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[Illinois] ECE 416 Lumerical Optical Simulation

By Brian Cunningham

University of Illinois at Urbana-Champaign

Published on

Abstract

           In this lecture, we looked at lumerical optical simulation. The motivation to pursue this topic is because there is now software available that allows us to conduct simulations to visualize Electromagnetic field locations, to predict sensitivity, and optimize the device design. The software most widely used for modeling low light interactions is Finite Difference Time Domain(FDTD). The pros and options of the software are then shown and discussed. The Finite Difference part breaks up the object we are observing and the space surrounding into thousands of cells. This is then used to put a simulation where if we know the Electromagnetic field entering the cell, the Electromagnetic field leaving the cell can be determined. The Time Domain aspect provides the simulation space with short electromagnetic pulses. These are tracked through cells of the simulation space and the program offers another option for wavelengths and illumination sources. The yee cell is a part of the FDTD software and if the electromagnetic field components for the future need to be determined, the past electromagnetic field components need to be known. The size of choice of these cells is critical and directly affected by the material present, but once the size is selected, the time step is determined. In the time steps, the waves are dictated by the speed of light and the wave shouldn't pass through more than one cell at a time. Methods of outputting the data are then seen.

Bio

My research group is focused on the application of sub-wavelength optical phenomena and fabrication methods to the development of novel devices and instrumentation for the life sciences. The group is highly interdisciplinary, with expertise in the areas of microfabrication, nanotechnology, computer simulation, instrumentation, molecular biology, and cell biology. In particular, we are working on biosensors based upon photonic crystal concepts that can either be built from low-cost flexible plastic materials, or integrated with semiconductor-based active devices, such as light sources and photodetectors, for high performance integrated detection systems.

Using a combination of micrometer-scale and nanometer-scale fabrication tools, we are devising novel methods and materials for producing electro-optic devices with nanometer-scale features that can be scaled for low-cost manufacturing. Many of our techniques are geared for compatibility with flexible plastic materials, leading to applications such as low cost disposable sensors, wearable sensors, flexible electronics, and flexible displays. Because our structures manipulate light at a scale that is smaller than an optical wavelength, we rely on computer simulation tools such as Rigorous Coupled Wave Analysis (RCWA) and Finite Difference Time Doman (FDTD) to model, design, and understand optical phenomena within photonic crystals and related devices.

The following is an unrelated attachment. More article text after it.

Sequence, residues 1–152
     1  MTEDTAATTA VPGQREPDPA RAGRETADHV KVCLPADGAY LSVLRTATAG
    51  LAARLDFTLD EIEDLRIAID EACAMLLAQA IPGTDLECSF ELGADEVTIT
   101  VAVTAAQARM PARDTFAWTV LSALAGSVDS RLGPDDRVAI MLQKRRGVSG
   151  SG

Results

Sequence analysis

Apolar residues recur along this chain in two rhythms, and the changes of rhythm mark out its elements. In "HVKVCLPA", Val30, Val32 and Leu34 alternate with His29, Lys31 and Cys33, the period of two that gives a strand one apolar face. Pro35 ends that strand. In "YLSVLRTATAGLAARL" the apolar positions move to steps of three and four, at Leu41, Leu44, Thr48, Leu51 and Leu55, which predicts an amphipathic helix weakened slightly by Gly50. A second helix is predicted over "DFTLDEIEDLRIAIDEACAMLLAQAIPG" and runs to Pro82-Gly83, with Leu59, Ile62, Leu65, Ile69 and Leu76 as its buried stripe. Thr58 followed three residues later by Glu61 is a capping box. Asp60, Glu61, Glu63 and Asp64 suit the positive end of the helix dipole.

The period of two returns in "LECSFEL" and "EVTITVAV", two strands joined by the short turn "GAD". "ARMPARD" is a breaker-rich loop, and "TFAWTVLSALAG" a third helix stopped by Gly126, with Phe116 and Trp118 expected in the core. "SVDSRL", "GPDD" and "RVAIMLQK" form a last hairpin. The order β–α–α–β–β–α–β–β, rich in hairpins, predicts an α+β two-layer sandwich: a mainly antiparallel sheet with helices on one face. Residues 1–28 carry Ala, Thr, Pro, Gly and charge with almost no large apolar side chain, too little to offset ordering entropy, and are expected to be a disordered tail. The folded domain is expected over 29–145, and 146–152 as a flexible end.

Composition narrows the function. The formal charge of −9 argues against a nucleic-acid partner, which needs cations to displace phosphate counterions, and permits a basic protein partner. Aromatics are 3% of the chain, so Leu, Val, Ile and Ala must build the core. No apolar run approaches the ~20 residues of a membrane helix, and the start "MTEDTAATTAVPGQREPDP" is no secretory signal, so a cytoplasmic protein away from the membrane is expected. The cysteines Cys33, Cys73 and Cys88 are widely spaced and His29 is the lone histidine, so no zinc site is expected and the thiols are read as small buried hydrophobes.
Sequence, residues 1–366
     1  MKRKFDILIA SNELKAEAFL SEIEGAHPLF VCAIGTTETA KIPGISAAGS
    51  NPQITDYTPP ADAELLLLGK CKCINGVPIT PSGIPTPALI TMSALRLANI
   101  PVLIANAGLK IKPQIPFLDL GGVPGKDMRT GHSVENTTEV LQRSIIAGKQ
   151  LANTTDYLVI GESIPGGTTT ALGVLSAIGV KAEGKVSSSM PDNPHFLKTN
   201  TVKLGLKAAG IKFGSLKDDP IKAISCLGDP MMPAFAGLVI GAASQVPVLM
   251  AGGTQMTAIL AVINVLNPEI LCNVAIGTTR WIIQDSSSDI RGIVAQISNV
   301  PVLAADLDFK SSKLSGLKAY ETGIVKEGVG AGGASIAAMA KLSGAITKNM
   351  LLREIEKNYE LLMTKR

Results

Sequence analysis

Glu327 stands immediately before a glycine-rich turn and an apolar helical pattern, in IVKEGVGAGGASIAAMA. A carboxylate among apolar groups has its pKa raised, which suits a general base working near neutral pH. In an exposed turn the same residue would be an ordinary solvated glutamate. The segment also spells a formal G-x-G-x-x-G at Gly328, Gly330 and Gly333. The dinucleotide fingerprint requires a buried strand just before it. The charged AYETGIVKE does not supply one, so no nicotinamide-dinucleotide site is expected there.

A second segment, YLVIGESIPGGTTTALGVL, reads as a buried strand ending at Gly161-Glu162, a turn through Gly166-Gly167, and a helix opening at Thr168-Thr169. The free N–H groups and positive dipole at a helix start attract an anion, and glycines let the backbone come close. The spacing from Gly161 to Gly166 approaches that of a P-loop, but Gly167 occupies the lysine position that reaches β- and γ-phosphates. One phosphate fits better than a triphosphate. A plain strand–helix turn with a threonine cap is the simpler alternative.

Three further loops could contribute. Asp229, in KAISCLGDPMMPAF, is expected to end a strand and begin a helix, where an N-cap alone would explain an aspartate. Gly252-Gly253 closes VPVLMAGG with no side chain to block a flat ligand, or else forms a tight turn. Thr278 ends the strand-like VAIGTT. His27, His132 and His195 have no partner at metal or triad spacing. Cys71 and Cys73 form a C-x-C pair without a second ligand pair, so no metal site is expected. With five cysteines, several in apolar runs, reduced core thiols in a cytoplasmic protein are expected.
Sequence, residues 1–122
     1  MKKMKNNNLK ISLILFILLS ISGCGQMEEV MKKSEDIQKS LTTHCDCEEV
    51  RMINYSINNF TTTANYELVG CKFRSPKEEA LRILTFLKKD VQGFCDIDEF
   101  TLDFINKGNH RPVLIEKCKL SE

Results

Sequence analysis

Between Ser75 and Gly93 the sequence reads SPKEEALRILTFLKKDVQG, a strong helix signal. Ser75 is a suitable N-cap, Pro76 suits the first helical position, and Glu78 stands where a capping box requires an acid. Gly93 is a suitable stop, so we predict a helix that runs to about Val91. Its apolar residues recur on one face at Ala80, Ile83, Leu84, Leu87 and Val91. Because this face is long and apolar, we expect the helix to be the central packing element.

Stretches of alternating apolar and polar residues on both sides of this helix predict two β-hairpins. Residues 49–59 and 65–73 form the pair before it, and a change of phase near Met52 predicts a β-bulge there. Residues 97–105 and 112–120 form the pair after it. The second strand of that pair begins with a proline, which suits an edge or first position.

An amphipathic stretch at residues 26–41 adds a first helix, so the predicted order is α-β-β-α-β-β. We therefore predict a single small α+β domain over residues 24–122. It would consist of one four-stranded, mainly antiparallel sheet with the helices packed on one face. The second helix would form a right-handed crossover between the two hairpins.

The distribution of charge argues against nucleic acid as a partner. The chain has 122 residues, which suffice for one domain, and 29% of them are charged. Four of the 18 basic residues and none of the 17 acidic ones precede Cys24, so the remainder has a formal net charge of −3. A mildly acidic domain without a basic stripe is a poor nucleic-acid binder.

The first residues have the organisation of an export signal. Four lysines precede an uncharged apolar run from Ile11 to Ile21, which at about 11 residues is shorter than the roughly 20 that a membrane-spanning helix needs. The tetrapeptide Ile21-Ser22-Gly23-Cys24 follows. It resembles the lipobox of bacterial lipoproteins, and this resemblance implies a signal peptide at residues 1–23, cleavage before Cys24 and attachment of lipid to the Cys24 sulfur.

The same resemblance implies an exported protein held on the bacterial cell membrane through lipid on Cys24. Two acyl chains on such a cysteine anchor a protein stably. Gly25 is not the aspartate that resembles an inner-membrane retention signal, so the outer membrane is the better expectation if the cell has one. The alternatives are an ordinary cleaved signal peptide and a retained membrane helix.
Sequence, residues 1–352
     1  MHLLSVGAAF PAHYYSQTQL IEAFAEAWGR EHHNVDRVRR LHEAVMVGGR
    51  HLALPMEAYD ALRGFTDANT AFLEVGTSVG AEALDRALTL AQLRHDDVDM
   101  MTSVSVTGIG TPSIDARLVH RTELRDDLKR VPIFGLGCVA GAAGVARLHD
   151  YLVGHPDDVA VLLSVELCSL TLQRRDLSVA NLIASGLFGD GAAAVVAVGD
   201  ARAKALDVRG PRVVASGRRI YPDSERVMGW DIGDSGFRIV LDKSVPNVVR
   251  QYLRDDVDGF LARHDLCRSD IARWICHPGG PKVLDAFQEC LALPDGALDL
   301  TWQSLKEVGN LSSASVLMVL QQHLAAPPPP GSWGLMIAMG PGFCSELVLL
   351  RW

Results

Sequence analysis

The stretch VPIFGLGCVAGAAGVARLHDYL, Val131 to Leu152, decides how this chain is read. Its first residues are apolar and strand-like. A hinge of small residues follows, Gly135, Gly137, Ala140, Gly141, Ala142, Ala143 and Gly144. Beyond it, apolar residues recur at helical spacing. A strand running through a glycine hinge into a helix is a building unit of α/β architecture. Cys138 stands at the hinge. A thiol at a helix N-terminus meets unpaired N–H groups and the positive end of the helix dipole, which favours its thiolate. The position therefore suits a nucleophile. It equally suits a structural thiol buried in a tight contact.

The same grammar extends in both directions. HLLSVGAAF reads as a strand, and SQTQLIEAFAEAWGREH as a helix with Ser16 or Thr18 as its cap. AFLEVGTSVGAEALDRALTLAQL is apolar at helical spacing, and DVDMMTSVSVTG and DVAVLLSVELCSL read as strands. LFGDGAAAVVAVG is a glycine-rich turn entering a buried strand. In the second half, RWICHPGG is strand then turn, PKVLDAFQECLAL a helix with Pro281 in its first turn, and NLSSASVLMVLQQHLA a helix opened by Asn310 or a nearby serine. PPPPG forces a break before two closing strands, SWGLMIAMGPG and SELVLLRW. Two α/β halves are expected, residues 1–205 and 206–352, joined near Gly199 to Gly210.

In addition to fabricating devices, our group is also focused on the design, prototyping, and testing of biosensor instrumentation for high sensitivity, portability, and resolution. Advanced instruments enable high resolution imaging of biochemical and cellular interactions with the ability to monitor images of biochemical interactions as a function of time. Using the sensors and instrumentation, we are exploring new applications for optical biosensor technology including protein microarrays, biosensor/mass spectrometry systems, and microfluidics-based assays using nanoliter quantities of reagents. The methods and systems developed in the laboratory are applied in the fields of life science research, drug discovery, diagnostic testing, and environmental monitoring. -From Professor Cunningham's Faculty Profile

Cite this work

Researchers should cite this work as follows:

  • Brian Cunningham (2013), "[Illinois] ECE 416 Lumerical Optical Simulation," http://nanohub.org/resources/17357.

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Submitter

NanoBio Node, Obaid Sarvana, George Michael Daley

University of Illinois at Urbana-Champaign

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